WASHINGTON, D.C. — The Supreme Court has ordered California to release tens of thousands of prisoners to relieve overcrowding.
The 5-4 decision written by Justice Anthony Kennedy affirms a 2009 ruling by a three-judge panel appointed to reduce overcrowding in the state’s prisons and orders California to release 37,000 to 46,000 inmates to bring the prison population back to capacity.
“After years of litigation, it became apparent that a remedy for the constitutional violations would not be effective absent a reduction in the prison system population,” Kennedy wrote in an opinion along with other Court members.
Critics of California’s prison system say that chronic overcrowding has precluded inmates from receiving timely medical care. Kennedy cites examples of prisoners with mental or physical ailments having to waiting months for insufficient care, with some dying while seeking care that was delayed due to a backlog of patients.
“If a prison deprives prisoners of basic sustenance, including adequate medical care, the courts have a responsibility to remedy the resulting Eighth Amendment violation,” Kennedy wrote.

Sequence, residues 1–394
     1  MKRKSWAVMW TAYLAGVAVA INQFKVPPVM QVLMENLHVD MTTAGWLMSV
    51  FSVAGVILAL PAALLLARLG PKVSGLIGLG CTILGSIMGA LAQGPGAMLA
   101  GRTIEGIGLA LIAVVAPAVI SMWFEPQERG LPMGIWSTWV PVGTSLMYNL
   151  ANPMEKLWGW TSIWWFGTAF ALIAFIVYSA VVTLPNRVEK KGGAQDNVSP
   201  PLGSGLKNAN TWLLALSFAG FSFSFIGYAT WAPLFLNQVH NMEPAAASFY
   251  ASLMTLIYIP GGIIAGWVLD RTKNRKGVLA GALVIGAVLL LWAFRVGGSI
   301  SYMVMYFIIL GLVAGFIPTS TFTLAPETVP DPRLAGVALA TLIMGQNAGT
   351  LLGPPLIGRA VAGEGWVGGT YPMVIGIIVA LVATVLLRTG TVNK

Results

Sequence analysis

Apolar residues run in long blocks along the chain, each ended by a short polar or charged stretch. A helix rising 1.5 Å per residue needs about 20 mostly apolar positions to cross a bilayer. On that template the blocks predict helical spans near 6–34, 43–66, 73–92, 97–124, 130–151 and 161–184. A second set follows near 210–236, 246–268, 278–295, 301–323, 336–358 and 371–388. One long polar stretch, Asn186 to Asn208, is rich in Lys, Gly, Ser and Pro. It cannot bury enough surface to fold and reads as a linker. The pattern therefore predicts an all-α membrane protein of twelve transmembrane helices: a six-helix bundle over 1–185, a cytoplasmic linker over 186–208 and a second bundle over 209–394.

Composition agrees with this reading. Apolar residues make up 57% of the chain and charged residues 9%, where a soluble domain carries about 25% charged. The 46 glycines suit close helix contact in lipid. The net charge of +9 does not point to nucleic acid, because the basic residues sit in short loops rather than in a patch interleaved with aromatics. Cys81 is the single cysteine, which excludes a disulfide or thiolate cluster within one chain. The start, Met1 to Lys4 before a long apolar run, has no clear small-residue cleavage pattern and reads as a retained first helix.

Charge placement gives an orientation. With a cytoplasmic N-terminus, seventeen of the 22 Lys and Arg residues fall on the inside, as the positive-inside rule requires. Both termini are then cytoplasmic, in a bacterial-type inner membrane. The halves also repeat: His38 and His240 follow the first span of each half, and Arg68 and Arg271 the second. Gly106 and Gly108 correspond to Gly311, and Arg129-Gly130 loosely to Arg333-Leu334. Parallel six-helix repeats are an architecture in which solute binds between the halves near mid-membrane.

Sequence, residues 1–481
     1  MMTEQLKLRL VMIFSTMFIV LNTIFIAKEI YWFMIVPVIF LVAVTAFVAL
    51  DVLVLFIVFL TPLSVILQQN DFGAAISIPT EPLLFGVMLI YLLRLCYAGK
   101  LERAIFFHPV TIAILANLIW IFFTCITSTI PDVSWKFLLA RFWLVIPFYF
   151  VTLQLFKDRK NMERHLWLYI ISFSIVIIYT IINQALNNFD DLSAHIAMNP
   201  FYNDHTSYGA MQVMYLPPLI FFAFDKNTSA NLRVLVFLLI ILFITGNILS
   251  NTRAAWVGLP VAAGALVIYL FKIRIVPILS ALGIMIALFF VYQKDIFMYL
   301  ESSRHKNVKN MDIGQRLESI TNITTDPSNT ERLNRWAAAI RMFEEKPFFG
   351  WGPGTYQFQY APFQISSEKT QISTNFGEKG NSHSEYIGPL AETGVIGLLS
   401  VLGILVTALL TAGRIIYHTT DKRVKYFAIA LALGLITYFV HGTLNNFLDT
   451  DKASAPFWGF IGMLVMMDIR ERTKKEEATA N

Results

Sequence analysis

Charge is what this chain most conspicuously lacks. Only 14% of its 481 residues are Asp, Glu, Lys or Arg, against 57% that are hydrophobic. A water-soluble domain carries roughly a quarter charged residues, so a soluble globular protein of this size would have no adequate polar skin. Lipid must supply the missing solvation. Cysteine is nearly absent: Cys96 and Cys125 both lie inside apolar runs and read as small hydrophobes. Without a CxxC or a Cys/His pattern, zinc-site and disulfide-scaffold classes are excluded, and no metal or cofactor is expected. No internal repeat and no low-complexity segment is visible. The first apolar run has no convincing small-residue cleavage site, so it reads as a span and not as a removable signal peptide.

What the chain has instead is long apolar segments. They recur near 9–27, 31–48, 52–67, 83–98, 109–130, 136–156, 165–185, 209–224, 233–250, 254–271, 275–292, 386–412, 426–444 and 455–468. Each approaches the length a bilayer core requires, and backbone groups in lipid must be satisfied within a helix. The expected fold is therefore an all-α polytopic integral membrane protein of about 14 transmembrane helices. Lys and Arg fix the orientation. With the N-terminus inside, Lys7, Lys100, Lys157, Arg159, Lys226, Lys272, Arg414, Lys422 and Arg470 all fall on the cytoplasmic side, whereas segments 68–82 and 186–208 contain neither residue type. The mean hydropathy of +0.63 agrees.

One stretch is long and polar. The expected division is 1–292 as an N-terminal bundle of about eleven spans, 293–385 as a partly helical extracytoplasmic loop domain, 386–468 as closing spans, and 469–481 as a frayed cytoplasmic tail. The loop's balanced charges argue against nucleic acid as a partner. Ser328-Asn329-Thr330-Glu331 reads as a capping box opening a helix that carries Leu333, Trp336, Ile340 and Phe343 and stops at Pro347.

The ruling allows the state some flexibility in how it chooses to reduce its inmate population, suggesting that the three-judge panel could extend a two-year compliance order if it decided the state was making headway in reducing its prison population to 137.5 percent of capacity.
“Today the court affirms what is perhaps the most radical injunction issued by a court in our nation's history: an order requiring California to release the staggering number of 46,000 convicted criminals,” wrote Justice Antonin Scalia, joined by Justice Clarence Thomas, in a dissenting opinion.
Scalia expressed concern that the ruling enables judges to override lawmakers on setting policy and that the decision encompasses inmates not affected by overcrowding.
“It is also worth noting the peculiarity that the vast majority of inmates most generously rewarded by the release order – the 46,000 whose incarceration will be ended – do not form part of any aggrieved class even under the Court’s expansive notion of constitutional violation,” Scalia wrote. “Most of them will not be prisoners with medical conditions or severe mental illness; and many will undoubtedly be fine physical specimens who have developed intimidating muscles pumping iron in the prison gym.”
Chief Justice John Roberts joined a separate dissent written by Justice Samuel Alito that questioned whether it is acceptable to allow federal judges to run state prison systems.